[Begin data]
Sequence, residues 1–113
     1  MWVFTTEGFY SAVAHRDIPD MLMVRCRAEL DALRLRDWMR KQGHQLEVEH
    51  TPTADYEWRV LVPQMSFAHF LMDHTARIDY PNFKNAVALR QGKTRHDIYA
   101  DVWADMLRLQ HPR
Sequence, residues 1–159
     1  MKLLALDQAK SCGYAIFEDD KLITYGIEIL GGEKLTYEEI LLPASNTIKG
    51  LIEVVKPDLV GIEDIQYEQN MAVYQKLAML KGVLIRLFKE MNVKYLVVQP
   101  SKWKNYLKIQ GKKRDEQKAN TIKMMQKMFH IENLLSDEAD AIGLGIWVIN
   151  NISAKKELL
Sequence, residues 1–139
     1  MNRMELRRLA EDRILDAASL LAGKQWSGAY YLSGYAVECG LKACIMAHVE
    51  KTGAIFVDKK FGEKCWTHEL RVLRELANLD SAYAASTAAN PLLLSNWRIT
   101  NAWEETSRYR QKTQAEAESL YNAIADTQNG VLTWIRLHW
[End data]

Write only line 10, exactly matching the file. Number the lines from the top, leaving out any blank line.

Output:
Sequence, residues 1–139